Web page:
Trusting Your Body Again: Overcoming Obstacles to Feeling Good
It’s not always easy to be with ourselves, especially our uncomfortable feelings. When we can’t be with that stuff, many of our actions will be an attempt to run away and avoid it. Also, when we run away from the bad stuff, we run away from an important source of wisdom that we need in order to navigate our life—our body!
Many of us are not given the tools to go inside and figure out how to trust our bodies, minds, and hearts. We live in a culture that normalizes and encourages looking outside of ourselves for satisfaction and well-being. We are bombarded with messages: “If you feel bad, just buy these shoes, or lose some weight, or find the perfect partner.” We are taught early on to look outside of ourselves for happiness and satisfaction.
Regaining trust in ourselves can be a lifelong journey. We are layered beings, and life will always bring us new challenges and opportunities. Healing is more like a spiral than a straight line. We will find ourselves revisiting issues that we thought we had resolved, only to find that there is more work to do. Understanding the workings of our body, brain, and nervous system can be a powerful resource for navigating the ebbs and flows of this journey.
Reclaiming Our Capacity to Heal: Tools for Releasing Stress and Anxiety
When we are dysregulated, we can get fixated on one unpleasant aspect of our experience. We feel one cue of anxiety, and suddenly we are hyperfocused on it, fueling it with our attention and fear. But what if you felt the sensation of anxiety and then felt your feet on the floor, or your hands on your body, or took a deep breath? What if the anxiety became only one of the things you are feeling, rather than the only thing? When we are having a feeling that we don’t like or are afraid of, we can sometimes give it all of our attention and miss cues of other things going on that could balance out our experience or help us be with it rather than being overwhelmed by it or running away.
Find a comfortable seated position. Start by finding something that feels good or supportive in your body or in the room. It can be your feet on the floor, your bottom in your chair, your back against a wall; it can be your breath or a candle; it can be an object that you hold in your hand. Anchoring your awareness in this resource, start to notice other sensations, emotions, or images that might emerge. Each time you notice something, say, “And this too I shall include.” Then softly move on and see what comes up next. If you feel overwhelmed or you find your mind wandering (which it will do), simply focus again on finding something that feels supportive in your body or in your surroundings. I suggest doing this for about five minutes.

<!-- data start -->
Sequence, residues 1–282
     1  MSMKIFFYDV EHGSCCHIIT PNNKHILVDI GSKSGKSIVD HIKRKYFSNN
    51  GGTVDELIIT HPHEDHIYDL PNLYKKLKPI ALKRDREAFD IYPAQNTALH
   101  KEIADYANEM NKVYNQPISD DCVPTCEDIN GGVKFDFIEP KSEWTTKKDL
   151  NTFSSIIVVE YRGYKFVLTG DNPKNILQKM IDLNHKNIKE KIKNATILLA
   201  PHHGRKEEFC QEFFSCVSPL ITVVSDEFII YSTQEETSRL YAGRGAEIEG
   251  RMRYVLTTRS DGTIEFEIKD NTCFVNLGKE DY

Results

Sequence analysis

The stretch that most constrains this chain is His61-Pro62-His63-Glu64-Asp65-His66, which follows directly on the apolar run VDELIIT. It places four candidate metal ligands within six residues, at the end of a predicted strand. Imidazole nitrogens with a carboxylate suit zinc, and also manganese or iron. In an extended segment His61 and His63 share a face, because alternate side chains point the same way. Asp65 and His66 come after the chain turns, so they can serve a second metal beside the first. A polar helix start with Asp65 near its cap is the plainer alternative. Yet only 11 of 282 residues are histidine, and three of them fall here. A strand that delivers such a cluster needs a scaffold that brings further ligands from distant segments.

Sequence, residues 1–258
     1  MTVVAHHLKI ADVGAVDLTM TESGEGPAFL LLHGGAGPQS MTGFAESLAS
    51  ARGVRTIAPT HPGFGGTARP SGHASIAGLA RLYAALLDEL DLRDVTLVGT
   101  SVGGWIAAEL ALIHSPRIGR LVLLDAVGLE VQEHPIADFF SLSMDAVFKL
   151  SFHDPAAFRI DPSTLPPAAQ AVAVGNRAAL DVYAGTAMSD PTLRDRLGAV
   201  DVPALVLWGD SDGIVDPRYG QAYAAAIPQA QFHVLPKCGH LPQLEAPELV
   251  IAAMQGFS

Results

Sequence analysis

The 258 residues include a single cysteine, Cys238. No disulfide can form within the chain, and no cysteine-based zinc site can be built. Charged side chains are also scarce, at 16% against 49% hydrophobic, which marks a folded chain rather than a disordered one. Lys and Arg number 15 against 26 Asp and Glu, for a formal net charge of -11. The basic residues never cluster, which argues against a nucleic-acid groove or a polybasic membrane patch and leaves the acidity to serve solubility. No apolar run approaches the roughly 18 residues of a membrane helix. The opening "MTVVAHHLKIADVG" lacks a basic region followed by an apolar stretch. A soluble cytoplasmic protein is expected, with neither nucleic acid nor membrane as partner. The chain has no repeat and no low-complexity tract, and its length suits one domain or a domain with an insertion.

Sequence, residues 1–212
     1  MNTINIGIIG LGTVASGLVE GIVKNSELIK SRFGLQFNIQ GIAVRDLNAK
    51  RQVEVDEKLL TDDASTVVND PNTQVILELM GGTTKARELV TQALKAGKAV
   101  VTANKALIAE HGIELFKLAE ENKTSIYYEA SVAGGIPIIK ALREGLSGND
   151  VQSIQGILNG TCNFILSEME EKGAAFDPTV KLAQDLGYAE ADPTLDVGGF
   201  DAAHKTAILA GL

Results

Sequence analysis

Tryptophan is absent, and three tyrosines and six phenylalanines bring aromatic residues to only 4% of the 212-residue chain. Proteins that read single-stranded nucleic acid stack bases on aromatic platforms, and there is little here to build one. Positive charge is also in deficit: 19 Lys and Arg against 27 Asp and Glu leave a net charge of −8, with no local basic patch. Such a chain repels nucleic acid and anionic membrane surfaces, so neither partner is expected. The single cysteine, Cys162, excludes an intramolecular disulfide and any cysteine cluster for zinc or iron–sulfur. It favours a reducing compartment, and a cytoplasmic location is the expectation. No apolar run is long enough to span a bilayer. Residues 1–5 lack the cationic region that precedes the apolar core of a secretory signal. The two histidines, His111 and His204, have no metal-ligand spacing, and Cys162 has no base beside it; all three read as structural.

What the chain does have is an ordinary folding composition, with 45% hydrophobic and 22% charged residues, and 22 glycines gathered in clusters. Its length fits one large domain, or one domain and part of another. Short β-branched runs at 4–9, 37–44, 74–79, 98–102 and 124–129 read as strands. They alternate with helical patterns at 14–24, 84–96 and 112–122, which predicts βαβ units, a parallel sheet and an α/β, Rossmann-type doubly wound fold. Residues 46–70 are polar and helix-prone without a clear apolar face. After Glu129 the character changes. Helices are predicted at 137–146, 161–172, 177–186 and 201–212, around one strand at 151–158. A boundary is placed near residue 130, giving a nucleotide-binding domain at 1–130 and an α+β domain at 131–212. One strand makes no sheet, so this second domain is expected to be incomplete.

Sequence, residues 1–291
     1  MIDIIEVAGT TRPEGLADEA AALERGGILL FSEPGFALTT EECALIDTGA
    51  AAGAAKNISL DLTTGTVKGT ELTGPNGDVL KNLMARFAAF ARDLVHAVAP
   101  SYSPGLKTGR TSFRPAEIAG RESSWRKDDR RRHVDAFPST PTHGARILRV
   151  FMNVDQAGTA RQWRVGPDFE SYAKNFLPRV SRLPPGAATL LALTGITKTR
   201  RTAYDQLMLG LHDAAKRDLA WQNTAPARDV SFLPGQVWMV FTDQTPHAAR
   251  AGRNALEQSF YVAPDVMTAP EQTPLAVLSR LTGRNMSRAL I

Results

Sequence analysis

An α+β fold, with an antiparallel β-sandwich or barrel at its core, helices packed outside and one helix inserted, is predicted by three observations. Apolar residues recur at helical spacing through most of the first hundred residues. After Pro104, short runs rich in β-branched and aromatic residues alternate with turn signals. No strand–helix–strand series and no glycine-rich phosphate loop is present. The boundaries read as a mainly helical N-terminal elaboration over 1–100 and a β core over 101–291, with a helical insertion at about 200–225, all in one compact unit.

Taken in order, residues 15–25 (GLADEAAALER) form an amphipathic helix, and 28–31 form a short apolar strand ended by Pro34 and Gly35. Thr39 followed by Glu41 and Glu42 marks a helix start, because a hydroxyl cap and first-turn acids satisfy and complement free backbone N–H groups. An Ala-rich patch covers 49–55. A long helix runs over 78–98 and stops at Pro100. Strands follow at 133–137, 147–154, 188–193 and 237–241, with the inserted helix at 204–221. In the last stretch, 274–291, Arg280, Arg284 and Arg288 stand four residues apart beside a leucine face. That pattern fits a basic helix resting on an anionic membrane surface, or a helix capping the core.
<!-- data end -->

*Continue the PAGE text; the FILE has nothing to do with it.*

Building emotional complexity means that we don’t need everything to be exactly perfect to feel okay. We are able to go with the flow. We are able to include and accept what life brings us without needing to control all of it.
Transforming Trauma: The Gift in the Wound
Trauma shapes us. We are shaped by all of our life experiences. Trauma can trap us in the past, it can transform us into something more beautiful and capable than we were before, and everything in between. The process of transformation can be scary, which is why it often seems easier to resist the pull of transformation and stay safely stuck right where we are.
Transforming trauma takes courage. The butterfly is a metaphor often invoked when we speak of transformation; the struggle to break out of the chrysalis symbolizing life’s struggles and how they help us become stronger. Did you know that before the caterpillar transforms, it first “melts” into a goo? It releases enzymes that literally digest its own body. I love this image because it points to how sometimes transformation can feel like a dissolving of our old self into a new self. The process can feel like death. It’s scary!
This is why for so many people it’s much easier to hold on to who we are and not let ourselves be changed. This holding on can be the source of our anxiety. Sometimes our anxiety is the energy of fear resisting this pull to transform. By playing it safe, we may feel more in control, but we also miss the chance to risk change and find peace.